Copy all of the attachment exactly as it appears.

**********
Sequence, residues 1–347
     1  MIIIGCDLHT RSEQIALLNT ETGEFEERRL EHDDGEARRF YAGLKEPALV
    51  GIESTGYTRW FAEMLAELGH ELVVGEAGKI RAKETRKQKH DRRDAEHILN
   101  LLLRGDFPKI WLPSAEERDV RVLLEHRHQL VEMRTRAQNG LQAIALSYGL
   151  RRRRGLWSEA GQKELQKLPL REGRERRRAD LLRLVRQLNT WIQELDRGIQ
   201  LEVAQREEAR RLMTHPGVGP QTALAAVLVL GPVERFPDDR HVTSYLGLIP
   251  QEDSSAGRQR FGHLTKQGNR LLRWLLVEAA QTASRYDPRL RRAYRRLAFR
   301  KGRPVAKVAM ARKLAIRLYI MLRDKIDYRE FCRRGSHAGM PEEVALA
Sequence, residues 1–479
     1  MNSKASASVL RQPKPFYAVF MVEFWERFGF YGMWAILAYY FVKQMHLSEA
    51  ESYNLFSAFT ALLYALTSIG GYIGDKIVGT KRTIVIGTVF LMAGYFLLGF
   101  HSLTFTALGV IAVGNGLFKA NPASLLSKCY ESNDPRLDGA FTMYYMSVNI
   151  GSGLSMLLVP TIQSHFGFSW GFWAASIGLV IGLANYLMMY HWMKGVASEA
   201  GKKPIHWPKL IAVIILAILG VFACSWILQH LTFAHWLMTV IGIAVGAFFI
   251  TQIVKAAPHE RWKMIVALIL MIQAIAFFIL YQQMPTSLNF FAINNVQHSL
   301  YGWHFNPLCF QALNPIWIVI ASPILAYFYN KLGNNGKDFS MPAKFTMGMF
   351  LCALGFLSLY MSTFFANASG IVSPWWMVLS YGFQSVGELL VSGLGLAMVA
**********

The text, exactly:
Sequence, residues 1–347
     1  MIIIGCDLHT RSEQIALLNT ETGEFEERRL EHDDGEARRF YAGLKEPALV
    51  GIESTGYTRW FAEMLAELGH ELVVGEAGKI RAKETRKQKH DRRDAEHILN
   101  LLLRGDFPKI WLPSAEERDV RVLLEHRHQL VEMRTRAQNG LQAIALSYGL
   151  RRRRGLWSEA GQKELQKLPL REGRERRRAD LLRLVRQLNT WIQELDRGIQ
   201  LEVAQREEAR RLMTHPGVGP QTALAAVLVL GPVERFPDDR HVTSYLGLIP
   251  QEDSSAGRQR FGHLTKQGNR LLRWLLVEAA QTASRYDPRL RRAYRRLAFR
   301  KGRPVAKVAM ARKLAIRLYI MLRDKIDYRE FCRRGSHAGM PEEVALA
Sequence, residues 1–479
     1  MNSKASASVL RQPKPFYAVF MVEFWERFGF YGMWAILAYY FVKQMHLSEA
    51  ESYNLFSAFT ALLYALTSIG GYIGDKIVGT KRTIVIGTVF LMAGYFLLGF
   101  HSLTFTALGV IAVGNGLFKA NPASLLSKCY ESNDPRLDGA FTMYYMSVNI
   151  GSGLSMLLVP TIQSHFGFSW GFWAASIGLV IGLANYLMMY HWMKGVASEA
   201  GKKPIHWPKL IAVIILAILG VFACSWILQH LTFAHWLMTV IGIAVGAFFI
   251  TQIVKAAPHE RWKMIVALIL MIQAIAFFIL YQQMPTSLNF FAINNVQHSL
   301  YGWHFNPLCF QALNPIWIVI ASPILAYFYN KLGNNGKDFS MPAKFTMGMF
   351  LCALGFLSLY MSTFFANASG IVSPWWMVLS YGFQSVGELL VSGLGLAMVA